The intense area of low pressure will move eastwards across Scotland on Sunday, continuing across the North Sea in the early hours of Monday. Corrie will bring gusts of 70-80mph, potentially even up to 90mph in exposed costal locations and mountainous areas of Scotland, in the late afternoon and into Sunday evening.

Inland gusts could reach 60-70mph, the highest winds are expected over the northern half of Scotland, north of the Central Belt. A Yellow severe weather warning for wind is in force.

Storm Corrie follows a separate area of low pressure, named Storm Malik by the Danish Meteorological Institute, that is bringing strong winds across the northern half of the UK through Saturday. Warnings are also in force for this storm.

Chief Meteorologist, Dan Suri, said: “Storm Corrie will bring very strong winds to the north of the UK, especially northern Scotland, on Sunday. This follows just one day after Storm Malik moves though also bringing a spell of very strong winds.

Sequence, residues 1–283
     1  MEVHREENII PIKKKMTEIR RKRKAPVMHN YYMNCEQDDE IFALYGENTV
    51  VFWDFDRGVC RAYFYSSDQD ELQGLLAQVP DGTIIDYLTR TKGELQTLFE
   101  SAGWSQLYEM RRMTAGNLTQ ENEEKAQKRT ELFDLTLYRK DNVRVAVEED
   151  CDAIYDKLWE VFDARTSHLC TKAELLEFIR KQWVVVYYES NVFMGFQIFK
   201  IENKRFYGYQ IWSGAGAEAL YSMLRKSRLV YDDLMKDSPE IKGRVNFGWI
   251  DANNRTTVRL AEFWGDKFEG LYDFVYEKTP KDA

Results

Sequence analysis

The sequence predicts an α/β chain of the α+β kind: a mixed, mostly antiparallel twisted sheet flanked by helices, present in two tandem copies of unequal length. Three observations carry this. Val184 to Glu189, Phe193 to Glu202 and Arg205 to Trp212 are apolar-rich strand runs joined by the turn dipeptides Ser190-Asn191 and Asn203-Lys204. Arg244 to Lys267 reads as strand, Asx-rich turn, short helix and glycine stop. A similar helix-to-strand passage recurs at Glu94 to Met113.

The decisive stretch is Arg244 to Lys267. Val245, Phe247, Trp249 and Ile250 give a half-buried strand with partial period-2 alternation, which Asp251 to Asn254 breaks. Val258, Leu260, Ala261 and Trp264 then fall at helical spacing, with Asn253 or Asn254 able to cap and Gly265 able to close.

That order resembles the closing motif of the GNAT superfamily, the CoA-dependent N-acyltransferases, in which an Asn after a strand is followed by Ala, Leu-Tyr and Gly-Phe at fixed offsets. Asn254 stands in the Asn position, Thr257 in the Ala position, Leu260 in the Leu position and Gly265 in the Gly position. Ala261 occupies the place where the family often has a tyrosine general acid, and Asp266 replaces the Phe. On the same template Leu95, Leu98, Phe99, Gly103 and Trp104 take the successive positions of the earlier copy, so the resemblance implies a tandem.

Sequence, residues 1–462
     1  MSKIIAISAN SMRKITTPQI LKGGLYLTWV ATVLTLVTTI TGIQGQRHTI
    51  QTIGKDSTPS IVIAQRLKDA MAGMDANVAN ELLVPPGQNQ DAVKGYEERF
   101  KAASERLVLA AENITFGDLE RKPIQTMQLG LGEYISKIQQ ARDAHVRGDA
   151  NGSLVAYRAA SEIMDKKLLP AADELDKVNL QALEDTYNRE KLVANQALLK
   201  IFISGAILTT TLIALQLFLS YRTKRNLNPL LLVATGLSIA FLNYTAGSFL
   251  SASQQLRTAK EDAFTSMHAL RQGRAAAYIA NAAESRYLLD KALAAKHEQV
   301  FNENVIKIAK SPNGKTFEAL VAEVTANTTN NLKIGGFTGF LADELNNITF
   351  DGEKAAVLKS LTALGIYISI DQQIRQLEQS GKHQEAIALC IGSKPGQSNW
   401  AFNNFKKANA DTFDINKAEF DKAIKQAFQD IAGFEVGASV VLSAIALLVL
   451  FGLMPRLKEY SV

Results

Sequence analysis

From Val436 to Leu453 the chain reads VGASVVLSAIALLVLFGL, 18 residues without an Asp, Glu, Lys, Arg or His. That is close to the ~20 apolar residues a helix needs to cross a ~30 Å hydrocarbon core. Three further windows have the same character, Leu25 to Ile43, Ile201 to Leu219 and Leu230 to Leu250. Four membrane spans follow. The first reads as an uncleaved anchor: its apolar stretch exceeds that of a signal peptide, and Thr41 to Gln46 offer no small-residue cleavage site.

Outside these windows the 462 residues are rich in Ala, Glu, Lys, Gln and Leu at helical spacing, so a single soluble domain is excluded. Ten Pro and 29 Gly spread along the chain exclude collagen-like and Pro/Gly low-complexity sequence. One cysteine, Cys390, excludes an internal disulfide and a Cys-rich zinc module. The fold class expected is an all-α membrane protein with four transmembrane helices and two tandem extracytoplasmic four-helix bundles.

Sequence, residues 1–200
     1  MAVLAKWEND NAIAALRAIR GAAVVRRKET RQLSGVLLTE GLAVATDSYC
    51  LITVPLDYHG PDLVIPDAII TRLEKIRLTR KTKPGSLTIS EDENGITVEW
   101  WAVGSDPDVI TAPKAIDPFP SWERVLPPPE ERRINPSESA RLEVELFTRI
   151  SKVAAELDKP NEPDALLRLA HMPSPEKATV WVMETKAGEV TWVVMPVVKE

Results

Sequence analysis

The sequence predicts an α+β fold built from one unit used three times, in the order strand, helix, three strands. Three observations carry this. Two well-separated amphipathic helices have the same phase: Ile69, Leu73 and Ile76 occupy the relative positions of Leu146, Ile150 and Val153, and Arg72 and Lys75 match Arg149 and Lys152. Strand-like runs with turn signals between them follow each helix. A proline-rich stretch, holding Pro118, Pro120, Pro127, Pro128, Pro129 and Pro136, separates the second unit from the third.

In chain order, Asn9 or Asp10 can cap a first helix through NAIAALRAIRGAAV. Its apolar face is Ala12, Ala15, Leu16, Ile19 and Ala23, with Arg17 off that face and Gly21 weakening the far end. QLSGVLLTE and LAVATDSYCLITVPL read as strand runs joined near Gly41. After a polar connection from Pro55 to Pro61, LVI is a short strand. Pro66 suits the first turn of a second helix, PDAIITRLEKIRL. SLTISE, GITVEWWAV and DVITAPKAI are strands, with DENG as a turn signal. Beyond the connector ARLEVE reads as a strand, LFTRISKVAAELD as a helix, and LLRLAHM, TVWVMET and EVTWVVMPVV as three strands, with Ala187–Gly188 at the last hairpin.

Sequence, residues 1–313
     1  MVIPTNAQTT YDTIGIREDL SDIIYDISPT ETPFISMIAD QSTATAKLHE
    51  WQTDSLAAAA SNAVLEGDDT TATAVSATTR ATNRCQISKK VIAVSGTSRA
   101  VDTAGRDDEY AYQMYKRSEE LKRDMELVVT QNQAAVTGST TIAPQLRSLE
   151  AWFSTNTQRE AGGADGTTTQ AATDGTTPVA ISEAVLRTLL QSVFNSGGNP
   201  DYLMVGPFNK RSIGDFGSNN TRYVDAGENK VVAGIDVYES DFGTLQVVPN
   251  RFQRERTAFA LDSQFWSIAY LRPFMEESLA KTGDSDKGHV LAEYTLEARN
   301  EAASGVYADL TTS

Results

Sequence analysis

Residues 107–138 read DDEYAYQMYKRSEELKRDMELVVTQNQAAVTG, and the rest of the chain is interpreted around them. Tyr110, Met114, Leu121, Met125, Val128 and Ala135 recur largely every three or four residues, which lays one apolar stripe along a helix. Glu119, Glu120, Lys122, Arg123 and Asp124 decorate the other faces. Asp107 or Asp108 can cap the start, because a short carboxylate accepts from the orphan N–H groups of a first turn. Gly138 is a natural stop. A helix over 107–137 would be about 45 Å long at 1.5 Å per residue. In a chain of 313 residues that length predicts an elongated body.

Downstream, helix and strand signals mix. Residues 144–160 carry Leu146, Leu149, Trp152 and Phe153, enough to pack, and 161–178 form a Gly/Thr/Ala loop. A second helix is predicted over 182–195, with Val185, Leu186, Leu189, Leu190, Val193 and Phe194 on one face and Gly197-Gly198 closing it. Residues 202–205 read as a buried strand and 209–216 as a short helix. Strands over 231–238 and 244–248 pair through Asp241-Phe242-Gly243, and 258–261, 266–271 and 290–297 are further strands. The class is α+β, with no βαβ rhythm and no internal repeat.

“Storm Corrie will bring gusts of up to 90mph in exposed coastal locations in northern Scotland, with 70-80mph gusts more widely in the north. With back-to-back storms there could be updates to severe weather warnings, so keep an eye on the Met Office forecast.”

As Storm Corrie clears to the East on Monday, the UK’s weather will remain blustery through the start of the week with occasional spells of rain especially in the North West, although it will feel mild with temperatures climbing to double figures by Tuesday.

Storm Malik was named by the Danish Meteorological Institute as the most impacts from Saturday’s storm are expected there. They’re part of the northern group of European nations that name storms. The Met Office names storms in association with Ireland’s Met Eireann and the Netherland’s KNMI meteorology service. The next storm to directly impact Ireland, the Netherlands or the UK will be called Storm Corrie, as per this year’s list of storm names.

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